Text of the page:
Sunday, March 23, 2014

A St. Louis Fort Night

We've been working diligently on St. Louis Magazine's "101 Things Every St. Louisan Must Do". We've gotten to the point where they are becoming more difficult to cross off our list because they are farther away or time restrictive (Skip Work for Opening Day is #1, which is on my calendar!).

Today after work I got home a little later than planned, but I wasn't about to miss a chance to follow the path of the perfect St. Louisan. No sir. To the Mystery Mobile!

By the time we arrived at Fort Belle Fontaine the daylight was fading fast. We'd burned valuable time finding the place, as it's a bit remote.


As we entered the grounds there was a guard station with a stop sign, and a guard came out of it. She curtly handed me a clip board with a visitor sign in sheet through my car window. "We have to sign in?" I asked. A weird "Yeah" was the only response. Ok... Signed in and continued. There were lots of little buildings spread around, one labeled "school", "administration", and several little living quarter buildings. What the heck was this place?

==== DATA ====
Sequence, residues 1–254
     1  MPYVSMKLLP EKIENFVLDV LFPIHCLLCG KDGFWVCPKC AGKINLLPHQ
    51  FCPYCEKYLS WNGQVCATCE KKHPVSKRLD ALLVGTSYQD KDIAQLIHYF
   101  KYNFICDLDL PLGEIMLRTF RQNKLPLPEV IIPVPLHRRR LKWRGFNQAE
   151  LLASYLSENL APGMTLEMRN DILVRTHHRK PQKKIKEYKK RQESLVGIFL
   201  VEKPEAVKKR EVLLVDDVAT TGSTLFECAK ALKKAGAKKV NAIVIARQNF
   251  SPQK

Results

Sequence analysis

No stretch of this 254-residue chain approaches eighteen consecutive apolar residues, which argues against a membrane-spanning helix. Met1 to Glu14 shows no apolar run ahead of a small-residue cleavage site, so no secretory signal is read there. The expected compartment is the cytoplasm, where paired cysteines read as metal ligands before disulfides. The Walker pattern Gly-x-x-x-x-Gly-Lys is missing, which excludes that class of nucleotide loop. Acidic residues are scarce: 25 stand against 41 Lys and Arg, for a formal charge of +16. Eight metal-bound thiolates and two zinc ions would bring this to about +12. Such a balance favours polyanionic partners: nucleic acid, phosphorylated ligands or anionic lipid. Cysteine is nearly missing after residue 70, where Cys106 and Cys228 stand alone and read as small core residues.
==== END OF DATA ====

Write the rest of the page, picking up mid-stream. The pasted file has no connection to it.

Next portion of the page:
The place had a mysterious dearth of signage. Was some sort of training camp? Insane asylum? Weird religious organization compound? I saw a sign that read DYS but with no explanation as to what the heck that meant. Well DYS stands for Division of Youth Services. Turns out we were cruising around the grounds of a juvenile delinquent rehabilitation center. So weird.

We finally got to our destination after successfully navigating the winding roads of the Hamlet of the Flies. Well it turns out the fort was made of wood in the early 1800s, and so doesn't strictly... exist. There were a couple of historical signs that I took pictures of but it was too dark and so their contents will remain a mystery, except that the fort was the first west of the Mississippi. What is worth seeing is large stoneworks which struck me as pretty fort-like to the point I was confused that it wasn't the fort itself. There were a whole lot of stairs, and some spots where fountains at least used to be. It seemed a bit opulent for a spot in the middle of nowhere facing a river.

These giant cakes are hidden like Easter eggs all over important St. Louis area sites to celebrate the 250th anniversary of St. Louis.

The fancy stone part was build in the 1930s as one of those quasi make-work projects created by the WPA.

Eleanor Roosevelt visited the site in November, 1939 and wrote about her visit in her six-a-week newspaper column My Day (here).

No comments:

Post a Comment